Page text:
This year these will take place each night from September 22 to One unique Hong Kong practice is the Tai Hang Fire Dragon Dance, featuring up to performers carrying an incense-festooned straw dragon. The dance originated from the Tai Hang community in the 19th century, in which villagers held the event to drive away bad luck.

It has lived on for more than a century and made its way onto the national list of intangible cultural heritage. Mountains of mooncakes Much of the contemporary interest in Mid-Autumn Festival revolves around the famous mooncake. The quintessential delicacy of the festival, mooncakes are a dense pastry made of lotus seed paste and salted duck egg yolk.

To be sure, there are thousands of regional and contemporary variations, and nowadays one can find ostentatious confections flavoured with everything from coffee to champagne and truffles.

Accounts of the origin of the mooncake vary: There is, however, little evidence to support this claim. In recent years, mooncakes have found themselves at the centre of controversy, and what was originally a celebration of plenty has become synonymous with modern-day excess.

Chinese mid autumn festival

Each year, as Mid-Autumn approaches, businesses and individuals spend thousands of dollars on lavishly packaged mooncake gifts. Many such gifts go straight to the landfill, the problem reaching such a scale that the government has run campaigns to promote environmentally friendly mooncake packaging.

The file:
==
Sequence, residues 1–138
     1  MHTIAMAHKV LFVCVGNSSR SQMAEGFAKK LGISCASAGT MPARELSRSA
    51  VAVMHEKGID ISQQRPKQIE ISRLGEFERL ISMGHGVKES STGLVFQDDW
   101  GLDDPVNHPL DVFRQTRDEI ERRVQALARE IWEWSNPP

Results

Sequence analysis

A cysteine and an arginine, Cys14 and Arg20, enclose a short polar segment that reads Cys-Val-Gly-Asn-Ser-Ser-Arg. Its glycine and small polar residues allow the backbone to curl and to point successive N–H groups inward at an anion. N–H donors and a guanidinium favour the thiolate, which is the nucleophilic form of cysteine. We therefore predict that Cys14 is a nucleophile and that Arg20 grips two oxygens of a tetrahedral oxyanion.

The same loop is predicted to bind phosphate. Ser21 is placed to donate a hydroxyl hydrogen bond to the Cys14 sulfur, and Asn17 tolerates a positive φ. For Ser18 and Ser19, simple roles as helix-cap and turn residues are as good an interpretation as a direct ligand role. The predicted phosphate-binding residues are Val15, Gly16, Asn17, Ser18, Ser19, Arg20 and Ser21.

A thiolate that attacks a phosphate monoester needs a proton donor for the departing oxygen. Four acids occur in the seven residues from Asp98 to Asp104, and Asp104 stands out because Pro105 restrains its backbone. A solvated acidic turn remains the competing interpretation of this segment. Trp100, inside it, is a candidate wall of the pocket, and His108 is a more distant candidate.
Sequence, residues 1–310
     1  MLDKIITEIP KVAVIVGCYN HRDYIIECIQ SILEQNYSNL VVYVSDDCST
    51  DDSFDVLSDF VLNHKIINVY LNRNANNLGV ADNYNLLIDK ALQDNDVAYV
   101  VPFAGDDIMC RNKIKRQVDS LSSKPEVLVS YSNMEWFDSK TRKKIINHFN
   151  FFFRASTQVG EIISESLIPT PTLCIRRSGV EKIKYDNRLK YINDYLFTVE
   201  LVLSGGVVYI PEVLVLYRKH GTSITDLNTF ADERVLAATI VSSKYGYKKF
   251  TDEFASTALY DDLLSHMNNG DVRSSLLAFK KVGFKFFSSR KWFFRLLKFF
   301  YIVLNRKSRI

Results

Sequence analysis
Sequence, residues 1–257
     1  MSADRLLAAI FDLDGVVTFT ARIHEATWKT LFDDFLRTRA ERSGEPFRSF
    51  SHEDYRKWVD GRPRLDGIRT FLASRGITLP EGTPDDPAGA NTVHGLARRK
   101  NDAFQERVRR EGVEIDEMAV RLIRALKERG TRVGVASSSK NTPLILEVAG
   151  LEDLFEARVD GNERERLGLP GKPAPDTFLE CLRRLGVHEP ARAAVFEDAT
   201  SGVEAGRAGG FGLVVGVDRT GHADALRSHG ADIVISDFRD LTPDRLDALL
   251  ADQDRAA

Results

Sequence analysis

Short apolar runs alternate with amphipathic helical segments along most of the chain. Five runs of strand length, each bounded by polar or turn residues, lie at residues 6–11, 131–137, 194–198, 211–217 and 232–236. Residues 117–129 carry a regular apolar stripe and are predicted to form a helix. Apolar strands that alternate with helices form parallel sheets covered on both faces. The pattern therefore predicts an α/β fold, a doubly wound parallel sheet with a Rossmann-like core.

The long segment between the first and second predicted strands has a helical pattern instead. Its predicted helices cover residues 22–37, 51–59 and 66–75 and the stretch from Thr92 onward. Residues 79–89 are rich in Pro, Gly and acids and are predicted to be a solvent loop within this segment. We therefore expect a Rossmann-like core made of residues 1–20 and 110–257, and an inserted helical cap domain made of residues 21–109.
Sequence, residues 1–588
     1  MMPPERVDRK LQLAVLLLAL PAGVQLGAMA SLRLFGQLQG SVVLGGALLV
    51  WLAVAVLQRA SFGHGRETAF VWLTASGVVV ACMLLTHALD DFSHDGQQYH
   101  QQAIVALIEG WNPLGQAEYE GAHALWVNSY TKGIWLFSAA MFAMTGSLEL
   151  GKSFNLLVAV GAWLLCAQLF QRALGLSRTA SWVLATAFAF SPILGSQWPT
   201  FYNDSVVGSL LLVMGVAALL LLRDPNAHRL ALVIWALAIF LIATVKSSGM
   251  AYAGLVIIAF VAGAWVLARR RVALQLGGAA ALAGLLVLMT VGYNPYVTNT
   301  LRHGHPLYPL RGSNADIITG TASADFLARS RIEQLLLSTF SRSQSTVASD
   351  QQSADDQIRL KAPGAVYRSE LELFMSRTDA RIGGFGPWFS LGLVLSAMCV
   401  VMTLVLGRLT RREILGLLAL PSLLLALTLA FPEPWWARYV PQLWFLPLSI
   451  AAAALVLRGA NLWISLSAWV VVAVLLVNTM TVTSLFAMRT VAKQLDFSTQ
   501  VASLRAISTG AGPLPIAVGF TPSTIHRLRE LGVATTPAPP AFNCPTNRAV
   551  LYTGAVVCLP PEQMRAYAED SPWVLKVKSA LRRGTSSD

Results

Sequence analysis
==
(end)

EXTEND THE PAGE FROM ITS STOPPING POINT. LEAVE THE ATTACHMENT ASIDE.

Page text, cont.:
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Yet such initiatives only scratch the surface of the problem.Oct 25,  · Upon the coming Mid- Mid-Autumn Festival, Tri-Cities Chinese Association (TCCA) hosted a great event in Warrior’s Path State Park on September 22nd, for celebration, co-hosted by Chinese church and ETCCC. Mid-Autumn Festival, also known as May evening and autumn festival, is a traditional festival of Chinese.

It is popular in China and other East Asian countries. Mid-Autumn Festival began in the Tang Dynasty, popular in the Song Dynasty to the Ming and Qing Dynasties.

The Origin and Legends of the Mid-Autumn festival « Festivals & Customs | Folklore |

Mid-Autumn Festival The Moon Festival, also called the Mid-Autumn Festival or Mid-Autumn Day, is second in importance only to the Spring Festival.

It falls on the 15th day of the 8th lunar month when the moon is believed to be the fullest and roundest. Mid-Autumn Festival Celebrated by various ethnic groups of Vietnamese and Chinese people, the Mid-Autumn Festival begins on the fifteenth day of the eighth month of the Chinese Han calendar.

It is held on the first night of the full moon, which is a harvest moon. Home > Festivals > Mid-Autumn Festival > Lanterns. On the 15th and 16th days of the 8th lunar month, families will go out after dinner with their lanterns to do moon .

The most important part of the Chinese Mid-Autumn festival is the family reunion. They get together to enjoy the bright moon, holiday activities, special foods, songs and stories.

It is believed that the moon is symbolic of family togetherness.

How to Celebrate the Mid-Autumn Festival () | Chinese American Family